Tell us a bit about your first match…. My first match was for a company called Tulalip Championship Wrestling in Marysville, WA. It was much later than I had started training due to circumstances in my life that put wrestling on hold, but it was against Ethan HD. Honestly as far as first matches go it really wasn’t that awful, which is a true credit to how freaking good Ethan is.
Photo by Speedy's Productions
What were some of your goals early in your wrestling career?My goal was always the WWE. That was and is the end game for a lot of guys in the business. My short term goals were to get good enough to get in the ring with the Amerikan Gunz and have a good match. Mike Santiago and Ethan were the measuring stick for me early on.
Is it hard to watch wrestling as a fan now? Do you see it with a totally different perspective?It really is very difficult now to watch it like I used to. Subconsciously, I always knew it but I never really put the pieces together until I took my wife to a WWE Live Event in Everett and she asked why I looked bored. I remember telling her I truly wasn’t bored I was just studying. (lol)
How often do you watch WWE, AEW, NXT, Impact or NJPW? Truthfully, these days I don’t watch a lot of wrestling outside of the indies. I think I’m so deep in the forest I can barely see the trees sometimes. I’m so focused on further developing my own career that I just mostly follow my immediate peers and what they are doing. That’s not to say I don’t keep up with the current products of every company. This day and age it’s so easy to stay in the loop via social media.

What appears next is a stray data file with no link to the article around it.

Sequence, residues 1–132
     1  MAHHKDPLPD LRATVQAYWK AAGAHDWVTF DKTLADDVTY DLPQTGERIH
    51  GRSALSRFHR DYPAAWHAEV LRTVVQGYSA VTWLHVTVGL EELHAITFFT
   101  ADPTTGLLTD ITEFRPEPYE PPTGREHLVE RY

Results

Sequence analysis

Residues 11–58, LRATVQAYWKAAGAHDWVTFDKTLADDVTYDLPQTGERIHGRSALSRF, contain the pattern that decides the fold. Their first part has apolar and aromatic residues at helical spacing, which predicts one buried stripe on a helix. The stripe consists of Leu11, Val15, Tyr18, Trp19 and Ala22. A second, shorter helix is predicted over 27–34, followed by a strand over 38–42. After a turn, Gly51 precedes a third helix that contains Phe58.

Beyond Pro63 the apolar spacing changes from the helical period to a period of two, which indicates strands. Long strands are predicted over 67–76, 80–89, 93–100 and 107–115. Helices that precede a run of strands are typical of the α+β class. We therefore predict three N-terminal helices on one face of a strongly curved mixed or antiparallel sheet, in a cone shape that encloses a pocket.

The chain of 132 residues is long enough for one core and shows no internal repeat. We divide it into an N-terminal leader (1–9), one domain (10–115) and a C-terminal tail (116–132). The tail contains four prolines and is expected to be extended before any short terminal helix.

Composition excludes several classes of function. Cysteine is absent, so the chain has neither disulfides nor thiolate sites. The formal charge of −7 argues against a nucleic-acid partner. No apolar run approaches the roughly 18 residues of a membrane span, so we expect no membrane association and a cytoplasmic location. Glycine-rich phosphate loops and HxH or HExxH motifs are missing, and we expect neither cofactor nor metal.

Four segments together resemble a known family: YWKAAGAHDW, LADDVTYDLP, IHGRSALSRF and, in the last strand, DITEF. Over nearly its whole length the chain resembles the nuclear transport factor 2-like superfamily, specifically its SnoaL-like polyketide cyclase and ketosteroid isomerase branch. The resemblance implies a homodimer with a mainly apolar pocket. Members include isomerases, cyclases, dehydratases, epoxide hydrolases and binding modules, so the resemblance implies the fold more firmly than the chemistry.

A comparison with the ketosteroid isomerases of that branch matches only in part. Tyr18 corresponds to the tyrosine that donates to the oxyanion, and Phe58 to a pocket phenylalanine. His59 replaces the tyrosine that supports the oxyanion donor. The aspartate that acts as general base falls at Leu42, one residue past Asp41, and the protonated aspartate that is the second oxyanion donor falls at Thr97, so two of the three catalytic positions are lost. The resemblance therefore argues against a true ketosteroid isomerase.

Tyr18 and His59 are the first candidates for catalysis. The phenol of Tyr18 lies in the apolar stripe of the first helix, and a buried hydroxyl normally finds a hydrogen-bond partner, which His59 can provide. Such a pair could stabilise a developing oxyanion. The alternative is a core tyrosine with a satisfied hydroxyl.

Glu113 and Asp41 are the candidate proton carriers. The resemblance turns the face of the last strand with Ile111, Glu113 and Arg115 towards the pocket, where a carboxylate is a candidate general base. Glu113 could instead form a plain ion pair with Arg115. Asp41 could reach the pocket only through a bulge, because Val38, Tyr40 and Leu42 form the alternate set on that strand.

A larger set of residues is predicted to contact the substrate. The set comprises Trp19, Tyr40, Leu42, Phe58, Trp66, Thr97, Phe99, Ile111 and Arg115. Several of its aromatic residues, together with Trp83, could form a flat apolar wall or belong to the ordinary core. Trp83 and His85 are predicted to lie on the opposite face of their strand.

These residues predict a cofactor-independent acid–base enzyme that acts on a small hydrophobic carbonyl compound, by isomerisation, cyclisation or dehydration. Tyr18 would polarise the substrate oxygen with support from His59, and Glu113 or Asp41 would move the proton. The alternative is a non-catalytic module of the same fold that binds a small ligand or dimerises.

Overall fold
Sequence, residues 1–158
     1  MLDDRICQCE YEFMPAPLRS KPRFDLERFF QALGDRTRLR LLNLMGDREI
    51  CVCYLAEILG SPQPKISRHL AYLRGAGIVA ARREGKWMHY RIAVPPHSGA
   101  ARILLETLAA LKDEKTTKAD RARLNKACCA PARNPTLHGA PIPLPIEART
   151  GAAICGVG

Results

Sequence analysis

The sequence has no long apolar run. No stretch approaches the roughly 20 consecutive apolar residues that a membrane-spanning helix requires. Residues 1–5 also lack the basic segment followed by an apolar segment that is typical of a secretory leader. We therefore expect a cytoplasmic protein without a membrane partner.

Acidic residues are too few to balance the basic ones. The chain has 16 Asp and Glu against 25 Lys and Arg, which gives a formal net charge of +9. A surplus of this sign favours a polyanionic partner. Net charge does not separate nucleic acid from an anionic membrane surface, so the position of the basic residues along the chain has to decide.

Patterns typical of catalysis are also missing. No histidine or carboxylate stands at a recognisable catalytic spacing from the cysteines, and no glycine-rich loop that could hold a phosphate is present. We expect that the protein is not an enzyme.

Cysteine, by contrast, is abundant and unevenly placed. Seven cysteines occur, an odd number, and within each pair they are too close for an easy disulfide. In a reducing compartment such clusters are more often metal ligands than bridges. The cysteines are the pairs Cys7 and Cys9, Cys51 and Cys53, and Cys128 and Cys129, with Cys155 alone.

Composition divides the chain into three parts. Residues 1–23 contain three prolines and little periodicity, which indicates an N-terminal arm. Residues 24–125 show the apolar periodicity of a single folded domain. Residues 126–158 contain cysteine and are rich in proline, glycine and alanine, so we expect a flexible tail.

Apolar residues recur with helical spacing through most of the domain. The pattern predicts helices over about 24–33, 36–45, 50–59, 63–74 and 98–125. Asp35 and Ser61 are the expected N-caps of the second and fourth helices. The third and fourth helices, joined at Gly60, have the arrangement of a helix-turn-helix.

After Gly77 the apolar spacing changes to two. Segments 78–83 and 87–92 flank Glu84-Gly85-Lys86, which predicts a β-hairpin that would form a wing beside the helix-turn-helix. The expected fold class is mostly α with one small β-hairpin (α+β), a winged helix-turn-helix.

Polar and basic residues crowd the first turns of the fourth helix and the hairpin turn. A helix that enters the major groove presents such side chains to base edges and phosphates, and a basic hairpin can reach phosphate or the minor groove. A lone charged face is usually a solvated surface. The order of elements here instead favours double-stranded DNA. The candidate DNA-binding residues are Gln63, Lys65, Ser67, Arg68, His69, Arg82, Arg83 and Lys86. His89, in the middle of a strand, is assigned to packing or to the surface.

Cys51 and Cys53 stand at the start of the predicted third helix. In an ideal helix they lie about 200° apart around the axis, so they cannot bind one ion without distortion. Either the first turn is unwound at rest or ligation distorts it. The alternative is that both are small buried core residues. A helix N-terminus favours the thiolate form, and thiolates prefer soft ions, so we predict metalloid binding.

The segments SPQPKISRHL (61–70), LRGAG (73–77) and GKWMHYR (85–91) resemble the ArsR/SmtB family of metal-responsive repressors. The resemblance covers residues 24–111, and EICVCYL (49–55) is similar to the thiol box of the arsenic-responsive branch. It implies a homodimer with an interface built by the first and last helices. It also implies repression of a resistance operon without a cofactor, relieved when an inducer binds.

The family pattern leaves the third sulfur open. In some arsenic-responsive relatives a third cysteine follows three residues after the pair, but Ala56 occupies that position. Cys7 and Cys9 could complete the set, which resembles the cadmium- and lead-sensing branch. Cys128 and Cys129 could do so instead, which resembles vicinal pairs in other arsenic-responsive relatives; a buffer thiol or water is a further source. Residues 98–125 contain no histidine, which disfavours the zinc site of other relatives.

What have been a couple of your favorite matches so far in your career? It’d be easy to say matches with Strickland, Cobb, Super Crazy or any of the other big name talent I’ve worked with. I’ve learned so much from those guys - things that I still apply to this day - but that’s the easy answer. The true testament to working with that level of talent is being able to take what I’ve learned and apply it to matches with other local guys. I recently had a couple matches in Alaska that I was really proud of. My match with Malcolm Phlex recently at 3-2-1 Battle! was a lot fun as well on many levels. I also have a fondness for what I’ve been doing at Without A Cause lately. When I can start putting the pieces together, eliciting a reaction that I am building for and being creative is when I’m truly challenged